A fantasy melodrama that traverses dreams, reality and the time-space continuum. It is the story of two lovers who cross paths again in the dream world, not in real life, after a thousand years.
Lee Soo Hyun is the CEO of a gaming company who uses his own dreams as the basis for an online game called Lucid Dream. When one of his part time employees, on leave from art school, reads Soo Hyun’s script, she finds herself thrown into confusion as it starts coinciding with her own dreams where she also meets Ma Moon Jae, a man who existed a thousand years ago...
Cast & Credits
Story: As I mentioned, I love the theme of this drama. It's done well and there's a good balance between the scenes in present time and those in the past. It even has a nice twist at the end and the ending is satisfying. The only reason why I can't give this a 10 is because some things were a bit over the top -- and it did get on my nerves at times.
Acting: I won't say that Ahn Jae Hyeon completely redeemed himself but I didn't mind his acting here. As for the other actors it was my first time Ji Jin Hee (weird, I know!) and Lee Ji Ah. They played their characters well but it was nothing special. The chemistry felt a bit forced at first but by the end it was ok.
Overall: I'm giving this drama a 9 because it was nice and I'd definetly recommend it. I don't think its worth re-watching just because its such a cliche drama, there's not really anything new and exciting going on. Watching it again will just not be that fun.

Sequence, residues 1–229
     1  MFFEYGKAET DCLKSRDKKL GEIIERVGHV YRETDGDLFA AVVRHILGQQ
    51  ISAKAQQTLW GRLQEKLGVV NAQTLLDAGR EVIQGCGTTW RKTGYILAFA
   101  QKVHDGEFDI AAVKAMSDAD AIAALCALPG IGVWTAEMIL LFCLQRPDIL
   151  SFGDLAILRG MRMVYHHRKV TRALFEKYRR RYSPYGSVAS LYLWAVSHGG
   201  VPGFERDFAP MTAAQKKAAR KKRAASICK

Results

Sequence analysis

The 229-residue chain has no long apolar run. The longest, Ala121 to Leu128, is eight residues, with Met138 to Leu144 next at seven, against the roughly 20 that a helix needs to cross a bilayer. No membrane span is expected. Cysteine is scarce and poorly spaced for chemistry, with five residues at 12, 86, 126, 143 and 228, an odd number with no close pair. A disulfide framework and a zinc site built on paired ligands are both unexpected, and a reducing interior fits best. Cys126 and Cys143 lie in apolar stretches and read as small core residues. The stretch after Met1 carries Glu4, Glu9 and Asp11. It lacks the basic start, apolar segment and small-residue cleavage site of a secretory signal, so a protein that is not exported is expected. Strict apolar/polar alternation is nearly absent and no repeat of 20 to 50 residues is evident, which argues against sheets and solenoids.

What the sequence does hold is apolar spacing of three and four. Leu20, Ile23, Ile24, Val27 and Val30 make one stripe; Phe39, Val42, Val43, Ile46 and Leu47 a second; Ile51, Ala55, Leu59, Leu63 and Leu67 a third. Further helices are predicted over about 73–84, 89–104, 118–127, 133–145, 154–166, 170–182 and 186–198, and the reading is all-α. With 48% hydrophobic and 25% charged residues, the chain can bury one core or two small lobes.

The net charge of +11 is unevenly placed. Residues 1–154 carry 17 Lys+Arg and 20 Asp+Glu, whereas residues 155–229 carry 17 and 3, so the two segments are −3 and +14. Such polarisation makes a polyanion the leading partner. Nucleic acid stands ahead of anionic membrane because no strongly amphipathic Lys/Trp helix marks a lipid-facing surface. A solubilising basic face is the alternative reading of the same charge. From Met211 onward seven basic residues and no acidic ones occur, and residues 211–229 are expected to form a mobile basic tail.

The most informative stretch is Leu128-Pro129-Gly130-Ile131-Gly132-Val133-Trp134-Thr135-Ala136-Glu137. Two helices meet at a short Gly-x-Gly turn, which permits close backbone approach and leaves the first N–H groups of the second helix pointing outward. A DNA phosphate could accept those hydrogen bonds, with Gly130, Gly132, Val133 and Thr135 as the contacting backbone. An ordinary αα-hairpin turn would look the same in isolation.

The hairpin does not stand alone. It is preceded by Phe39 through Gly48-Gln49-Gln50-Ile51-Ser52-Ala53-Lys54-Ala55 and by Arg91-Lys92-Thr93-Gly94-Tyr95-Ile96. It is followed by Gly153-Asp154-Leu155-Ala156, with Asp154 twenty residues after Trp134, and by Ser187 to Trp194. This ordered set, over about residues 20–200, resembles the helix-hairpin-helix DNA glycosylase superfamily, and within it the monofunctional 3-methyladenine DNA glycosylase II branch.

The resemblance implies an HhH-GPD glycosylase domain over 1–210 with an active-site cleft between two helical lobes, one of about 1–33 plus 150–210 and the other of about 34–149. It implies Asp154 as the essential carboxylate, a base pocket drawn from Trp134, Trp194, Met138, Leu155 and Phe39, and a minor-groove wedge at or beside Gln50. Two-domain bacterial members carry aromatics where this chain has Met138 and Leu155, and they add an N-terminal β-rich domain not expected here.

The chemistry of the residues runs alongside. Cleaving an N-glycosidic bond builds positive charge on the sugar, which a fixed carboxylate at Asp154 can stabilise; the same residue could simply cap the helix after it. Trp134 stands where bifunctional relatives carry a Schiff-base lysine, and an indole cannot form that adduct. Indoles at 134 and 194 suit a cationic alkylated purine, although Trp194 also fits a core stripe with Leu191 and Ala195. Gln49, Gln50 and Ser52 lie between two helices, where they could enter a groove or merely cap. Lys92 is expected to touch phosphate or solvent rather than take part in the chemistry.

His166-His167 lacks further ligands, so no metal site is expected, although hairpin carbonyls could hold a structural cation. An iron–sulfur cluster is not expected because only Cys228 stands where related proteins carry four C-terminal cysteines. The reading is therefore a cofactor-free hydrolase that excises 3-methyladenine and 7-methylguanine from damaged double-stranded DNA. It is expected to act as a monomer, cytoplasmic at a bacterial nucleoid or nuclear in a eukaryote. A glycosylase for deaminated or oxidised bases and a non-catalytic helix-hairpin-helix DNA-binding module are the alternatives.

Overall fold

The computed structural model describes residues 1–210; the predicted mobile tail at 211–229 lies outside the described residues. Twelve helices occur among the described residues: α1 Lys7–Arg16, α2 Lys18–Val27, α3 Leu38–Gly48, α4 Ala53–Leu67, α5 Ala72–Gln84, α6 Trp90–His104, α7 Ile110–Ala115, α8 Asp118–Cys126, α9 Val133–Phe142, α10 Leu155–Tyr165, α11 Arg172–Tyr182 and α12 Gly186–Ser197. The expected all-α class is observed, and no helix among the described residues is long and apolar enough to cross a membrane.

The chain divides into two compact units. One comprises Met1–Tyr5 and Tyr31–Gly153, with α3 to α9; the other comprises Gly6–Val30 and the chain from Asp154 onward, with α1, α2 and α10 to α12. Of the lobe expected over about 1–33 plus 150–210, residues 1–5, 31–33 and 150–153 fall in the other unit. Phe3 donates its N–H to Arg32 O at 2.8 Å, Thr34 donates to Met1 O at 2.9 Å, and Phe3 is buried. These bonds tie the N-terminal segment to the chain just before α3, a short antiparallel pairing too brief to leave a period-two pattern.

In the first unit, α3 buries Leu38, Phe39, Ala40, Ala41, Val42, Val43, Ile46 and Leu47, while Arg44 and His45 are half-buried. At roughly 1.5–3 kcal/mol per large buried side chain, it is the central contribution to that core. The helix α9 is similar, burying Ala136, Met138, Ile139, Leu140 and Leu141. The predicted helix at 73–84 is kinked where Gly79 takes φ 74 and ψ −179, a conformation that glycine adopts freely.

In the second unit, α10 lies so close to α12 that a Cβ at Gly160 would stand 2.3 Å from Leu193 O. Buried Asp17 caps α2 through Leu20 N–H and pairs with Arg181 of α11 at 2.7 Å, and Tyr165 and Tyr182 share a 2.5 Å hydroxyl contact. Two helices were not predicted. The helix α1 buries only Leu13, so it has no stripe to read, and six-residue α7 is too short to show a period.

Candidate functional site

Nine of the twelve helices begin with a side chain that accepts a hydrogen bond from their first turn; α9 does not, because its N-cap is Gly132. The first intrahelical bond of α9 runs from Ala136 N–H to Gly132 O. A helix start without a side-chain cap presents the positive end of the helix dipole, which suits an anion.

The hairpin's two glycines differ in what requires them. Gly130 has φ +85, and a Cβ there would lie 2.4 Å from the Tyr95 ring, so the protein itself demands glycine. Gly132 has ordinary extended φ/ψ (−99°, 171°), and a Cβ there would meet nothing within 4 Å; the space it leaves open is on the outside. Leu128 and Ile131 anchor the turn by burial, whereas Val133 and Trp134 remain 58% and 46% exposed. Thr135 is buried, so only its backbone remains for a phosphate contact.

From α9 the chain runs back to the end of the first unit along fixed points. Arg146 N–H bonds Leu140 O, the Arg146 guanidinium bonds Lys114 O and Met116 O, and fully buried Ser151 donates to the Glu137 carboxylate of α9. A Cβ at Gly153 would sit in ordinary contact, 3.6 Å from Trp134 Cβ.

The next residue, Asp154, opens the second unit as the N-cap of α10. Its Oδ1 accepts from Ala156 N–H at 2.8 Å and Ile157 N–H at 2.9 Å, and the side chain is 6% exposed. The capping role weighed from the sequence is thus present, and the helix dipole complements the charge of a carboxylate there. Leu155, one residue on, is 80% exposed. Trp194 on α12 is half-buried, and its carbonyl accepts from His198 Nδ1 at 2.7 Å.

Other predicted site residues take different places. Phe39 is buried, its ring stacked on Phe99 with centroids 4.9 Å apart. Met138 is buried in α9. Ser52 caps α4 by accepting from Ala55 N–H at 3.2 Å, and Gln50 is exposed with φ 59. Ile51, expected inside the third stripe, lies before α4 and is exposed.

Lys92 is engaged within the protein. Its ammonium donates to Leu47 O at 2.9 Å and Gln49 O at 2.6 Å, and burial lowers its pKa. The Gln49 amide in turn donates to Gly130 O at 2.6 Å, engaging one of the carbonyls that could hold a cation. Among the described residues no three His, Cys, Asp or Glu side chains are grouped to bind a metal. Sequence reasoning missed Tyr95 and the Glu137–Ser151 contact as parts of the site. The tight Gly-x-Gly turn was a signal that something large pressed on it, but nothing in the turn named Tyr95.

The cross-dressing though—that was done very, very well. Lee Ji Ah's character actually felt like a male in drag (and a lovely maiden in a dress), to the point where the scenario started feeling like BL. Any comedic moments that made their mark came straight from here. Coffee Prince and Bromance have nothing on Snow Lotus. The story's one stab at uniqueness, combining this trope with reincarnation, made the whole thing watchable.
Ji Jin Hee seems to have taken up his character from The Man Who Can't Get Married, minus the humorous self-deprecation. This was the first time I saw Lee Ji Ah, but she did quite well as a dull pushover. It was hard to feel any romance between the two, but not for lack of their trying. Seo Ji Hye and Ahn Jae Hyeon had so little range that I don't feel comfortable commenting on their performances, but what little they showed was OK.
I can only hope director Song Hyun-Wook (Super Daddy Yul, Haeundae Lovers) and writer Min Ji-Eun (Old Goodbye) had temporary amnesia or some sort of terrible head cold for this project. They're better than this.